World War One
World War One
In 1914, when The United States discovered that Germany was illegally bringing weapons to Mexico, they ordered the Navy to stop the next shipment from docking. Stopping the ship is now known as the Ypiranga Incident. On April 21, a brigade of seamen and marines occupied Veracruz, and 55 Medals of Honor were awarded to men involved in the event, the most for a single event to date.
In 1915, regardless of the fact that the United States remained neutral at this point, two ships, Gulflight and Lusitania, were sunk by German submarines. For six months, the Naval Act of 1916 was under debate, but was finally approved. This act called for $500 million dollars to be spent on the building of 10 battleships, 6 battle cruisers, 10 scout cruisers, 50 destroyers and 67 submarines over the next three years. Quite a lot of the ships were not finished until after World War One, but most of the ships built served in World War Two. When the US really joined the war in 1917, the Navy was restricted to convoy escort, troop transport, and laying a minefield in the North Sea. Then, when the Navy was sent out to help in the fighting, they mostly fought along with other nations during the war. They were also the first branch of the United States Armed Forces to allow women to enlist into non-nursing positions, which happened during this war.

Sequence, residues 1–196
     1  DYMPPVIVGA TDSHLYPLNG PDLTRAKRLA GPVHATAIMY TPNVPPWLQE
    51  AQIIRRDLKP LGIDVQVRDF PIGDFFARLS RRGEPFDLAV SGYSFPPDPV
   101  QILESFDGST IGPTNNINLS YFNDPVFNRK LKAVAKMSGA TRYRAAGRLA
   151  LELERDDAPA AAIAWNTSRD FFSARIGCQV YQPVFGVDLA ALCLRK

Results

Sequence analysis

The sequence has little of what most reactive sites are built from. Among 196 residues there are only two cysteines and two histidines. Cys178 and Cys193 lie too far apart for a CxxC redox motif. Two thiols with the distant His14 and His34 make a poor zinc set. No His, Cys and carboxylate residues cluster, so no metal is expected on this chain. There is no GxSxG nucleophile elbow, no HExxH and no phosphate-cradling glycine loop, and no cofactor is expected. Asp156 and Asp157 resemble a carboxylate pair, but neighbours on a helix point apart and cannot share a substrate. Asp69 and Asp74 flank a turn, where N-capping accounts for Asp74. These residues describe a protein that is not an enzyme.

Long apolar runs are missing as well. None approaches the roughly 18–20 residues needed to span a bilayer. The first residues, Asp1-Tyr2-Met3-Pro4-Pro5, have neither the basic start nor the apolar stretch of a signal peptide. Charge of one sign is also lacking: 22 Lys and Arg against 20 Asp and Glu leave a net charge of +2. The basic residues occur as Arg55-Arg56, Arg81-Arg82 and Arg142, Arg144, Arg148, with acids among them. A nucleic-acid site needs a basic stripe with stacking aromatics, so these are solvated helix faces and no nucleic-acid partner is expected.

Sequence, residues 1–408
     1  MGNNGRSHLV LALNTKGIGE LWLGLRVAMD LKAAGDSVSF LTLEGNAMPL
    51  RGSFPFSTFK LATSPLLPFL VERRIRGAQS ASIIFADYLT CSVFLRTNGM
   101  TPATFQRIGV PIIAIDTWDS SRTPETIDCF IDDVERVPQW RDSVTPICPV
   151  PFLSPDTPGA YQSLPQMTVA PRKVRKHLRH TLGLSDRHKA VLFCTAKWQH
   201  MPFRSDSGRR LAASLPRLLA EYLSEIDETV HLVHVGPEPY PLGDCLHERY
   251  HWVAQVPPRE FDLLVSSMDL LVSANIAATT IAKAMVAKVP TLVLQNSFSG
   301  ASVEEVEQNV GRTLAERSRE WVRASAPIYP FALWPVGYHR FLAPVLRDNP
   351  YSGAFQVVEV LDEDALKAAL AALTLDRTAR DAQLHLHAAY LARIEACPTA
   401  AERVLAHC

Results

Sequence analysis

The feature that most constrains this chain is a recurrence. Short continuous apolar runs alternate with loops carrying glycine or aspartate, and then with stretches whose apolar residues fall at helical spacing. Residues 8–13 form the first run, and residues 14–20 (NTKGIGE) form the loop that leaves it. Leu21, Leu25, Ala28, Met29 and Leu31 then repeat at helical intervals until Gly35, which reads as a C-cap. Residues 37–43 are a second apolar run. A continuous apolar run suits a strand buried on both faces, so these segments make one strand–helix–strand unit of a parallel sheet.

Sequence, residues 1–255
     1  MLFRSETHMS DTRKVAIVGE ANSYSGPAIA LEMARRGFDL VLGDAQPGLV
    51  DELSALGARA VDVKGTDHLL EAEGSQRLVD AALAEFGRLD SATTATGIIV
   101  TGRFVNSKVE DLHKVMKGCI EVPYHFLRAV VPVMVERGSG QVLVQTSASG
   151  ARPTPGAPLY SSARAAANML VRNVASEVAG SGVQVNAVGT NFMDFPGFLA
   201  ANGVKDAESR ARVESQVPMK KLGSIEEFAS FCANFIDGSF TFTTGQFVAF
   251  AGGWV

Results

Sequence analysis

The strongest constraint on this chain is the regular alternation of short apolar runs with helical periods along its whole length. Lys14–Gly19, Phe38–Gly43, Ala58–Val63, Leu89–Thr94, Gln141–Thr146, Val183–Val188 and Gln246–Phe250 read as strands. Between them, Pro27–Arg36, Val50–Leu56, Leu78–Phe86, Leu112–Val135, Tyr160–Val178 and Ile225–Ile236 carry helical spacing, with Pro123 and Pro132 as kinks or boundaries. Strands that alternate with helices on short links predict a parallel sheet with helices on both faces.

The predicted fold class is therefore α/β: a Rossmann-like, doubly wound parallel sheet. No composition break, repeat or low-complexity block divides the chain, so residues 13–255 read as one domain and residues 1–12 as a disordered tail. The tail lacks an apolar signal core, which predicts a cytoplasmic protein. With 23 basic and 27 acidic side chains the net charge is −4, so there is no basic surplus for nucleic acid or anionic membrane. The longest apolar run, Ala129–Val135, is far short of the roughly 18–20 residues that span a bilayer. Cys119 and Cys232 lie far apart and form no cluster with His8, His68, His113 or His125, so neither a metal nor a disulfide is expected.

At the end of World War One, the United States had the largest Navy of the world, in terms of personnel. There was a brief period of demobilization that was quickly followed by a swift rebuilding of all armed forces in preparation for the next war. In response to the thought of further carnage similar to the first war, there was the Washington Naval Conference of 1921 that led to the Nine-Power Treaty, the Treaty for the Limitation of Naval Armament, and restrictions on the usage of submarines and poison gas. The five countries that participated in the Treaty for the Limitation of Naval Armament were United States, United Kingdom, Japan, Italy and France; a few of which had to scrap many ships to meet the requirements of the treaty.
"World War One." Military Ranks Online. 04 Feb 2012.
Military-Ranks.org. 11 Apr 2021. <https://www.military-ranks.org/info/navy-world-war-one>